Well, that was a tough one.
The Phillies were one pitch away from claiming a confidence-boosting series victory on the road against the Cubs last night. It would have been a great win to have considering Aaron Nola didn’t have one of his better outings, the Phillies rallied from a 3-0 deficit and later broke a tie ballgame in the ninth inning with the first career home run by Dylan Cozens on the same day the Braves suffered a series loss in San Diego. Oh, what could have been.
The Phillies lost to the Cubs Wednesday night when Jason Heyward launched a ball into the bleachers in Wrigley Field for a walk-off grand slam on a 2-2 pitch with two outs against Adam Morgan. That’s how close the Phillies were to a second straight win against the Cubs, a team the Phillies are currently trailing in the NL Wild Card standings while also focusing on a tight NL East race.
After a loss like that, there is no better medicine than soaking in the anger raging from postgame analyst Ricky Bottalico on the post-game show on NBC Sports Philadelphia. He was livid with Morgan and catcher Jorge Alfaro.
I think Bottalico is spot on with his criticism of Morgan. And I’ll even give the criticism of Alfaro some credit here, although I’m a little more willing to give Alfaro a break considering he is still young and he actually helped prevent a run from scoring earlier. But why was Morgan thrown into this situation in the ninth inning in the first place?
Gabe Kapler has been under fire for how he managed the game last night in the late innings, and it is fair to go back and wonder how things could have been managed differently.
What should have been done with Dominguez?
Firery reliever Seranthony Dominguez entered the game in the eighth inning, replacing Tommy Hunter after Hunter recorded a 1-2-3 inning in the seventh. Staying true to form, Dominguez dazzled with his own 1-2-3 inning against Kris Bryant, Anthony Rizzo, and Wilson Contreras with three flyball outs on a total of 14 pitches. Keep in mind that Kapler also used Dominguez the previous night to record the final three outs of a 5-1 game, and Dominguez threw 12 pitches.
Everything looked fine at that point for the bullpen. Then, in the ninth inning, the Phillies put together a long inning with Dylan Cozens hitting his first career home run to give the Phillies a two-run lead off Cubs reliever Brandon Morrow.
After the home run, Alfaro was hit by a pitch two batters later, bringing up the pitcher’s spot. What do you do? Send a pinch hitter to the plate, right?
One of the problems was the Phillies were running low on bench players already. Nick Williams had to be replaced midway through the game by Cozens due to a possible wrist injury. J.P. Crawford had already entered the game after a pinch-hit appearance, replacing Maikel Franco at third. In a close game, any manager will be reluctant to use a backup catcher in case they need it later (and Andrew Knapp hasn’t exactly been knocking the leather off the ball either). So Kapler made the decision to send Dominguez up to the plate for his first career at-bat at any level.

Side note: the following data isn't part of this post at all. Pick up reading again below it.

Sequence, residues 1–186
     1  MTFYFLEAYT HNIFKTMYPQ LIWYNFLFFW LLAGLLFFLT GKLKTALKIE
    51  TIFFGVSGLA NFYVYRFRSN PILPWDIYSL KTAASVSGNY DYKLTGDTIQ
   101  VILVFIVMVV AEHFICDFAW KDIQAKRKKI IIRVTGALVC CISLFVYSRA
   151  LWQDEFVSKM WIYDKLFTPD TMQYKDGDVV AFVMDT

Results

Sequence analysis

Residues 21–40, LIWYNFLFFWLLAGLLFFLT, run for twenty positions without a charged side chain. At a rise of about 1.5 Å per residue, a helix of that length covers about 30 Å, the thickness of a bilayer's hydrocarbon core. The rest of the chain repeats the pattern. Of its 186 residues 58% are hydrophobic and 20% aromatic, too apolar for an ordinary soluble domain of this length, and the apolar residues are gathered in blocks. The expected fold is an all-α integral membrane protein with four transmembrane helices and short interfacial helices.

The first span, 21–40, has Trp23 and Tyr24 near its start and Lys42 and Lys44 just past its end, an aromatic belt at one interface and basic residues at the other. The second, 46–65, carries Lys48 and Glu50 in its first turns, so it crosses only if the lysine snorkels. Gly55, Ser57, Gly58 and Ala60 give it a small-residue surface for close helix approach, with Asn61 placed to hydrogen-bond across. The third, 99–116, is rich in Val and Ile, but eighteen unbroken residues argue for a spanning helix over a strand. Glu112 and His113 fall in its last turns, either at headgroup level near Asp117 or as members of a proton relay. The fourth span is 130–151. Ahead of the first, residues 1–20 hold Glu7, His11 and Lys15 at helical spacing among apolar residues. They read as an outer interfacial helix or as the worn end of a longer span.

For a brief moment, that seemed to work, as Dominguez worked a full count and drew a walk off Morrow, who was promptly pulled in favor of Cory Mazzoni (who picked up the remaining two outs to strand two more base runners for the Phillies). Dominguez then headed back out to the mound for the bottom of the ninth.
Morgan was called on in the ninth inning to relive Seranthony Dominguez with one out and runners on the corners. Dominguez led the inning off with a four-pitch walk to Kyle Schwarber and Albert Almora singled two batters later to put runners on the corners.
Dominguez may have suffered a fate some pitchers can relate by going back out for another inning of work after an extended inning. I’m not sure how much pitching the night before mattered, but a four-pitch walk to start the ninth inning when Dominguez has been so automatic this season should have been a red flag. Pulling Dominguez when Kapler did was the right call, but the even better call may have been to just start the ninth inning with a fresh arm. Even though Dominguez has been so good, the Phillies may have been better served going with some conventional late-inning management there.
But why Morgan? Well…
Perhaps it was just a stroke of bad luck for Morgan and the Phillies. Or maybe the game could have played out differently with a different reliever or two. Of all nights to let a game like this slip through the fingers, this was a brutal loss.
It is still early June and is plenty of baseball to play, but with the division race shaping up the way it is, letting a win slip away like this could be critical down the line. The Phillies begin today sitting 2.5 games out of first place (the Nationals and Braves are tied for first), when a win would have pulled them to within 1.5 games. The loss also dropped the Phillies 2.5 games behind in the NL Wild Card, trailing the Cubs and the Nationals/Braves and are now tied with the Cardinals, Now, the Phillies are pressured into ending this series with a win to return home with a little bit of confidence.
Turning the page
If you are still mad about last night’s game, I hear you. You should be. It was not a pleasant end to a night that could have turned out so much better. But the Phillies have a short turnaround to get over it. The series in Wrigley Field wraps up this afternoon and the Phillies still have a chance to end this road trip on a winning note and come home with a series split against the Dodgers and a series victory over the Cubs (we’ll pretend the San Francisco series never happened). Nick Pivetta on the mound for the Phillies facing Tyler Chatwood for the Cubs. He could really use a solid outing to get himself back on track after a rough May.
So find some way to cool off a little bit and get ready for some afternoon baseball.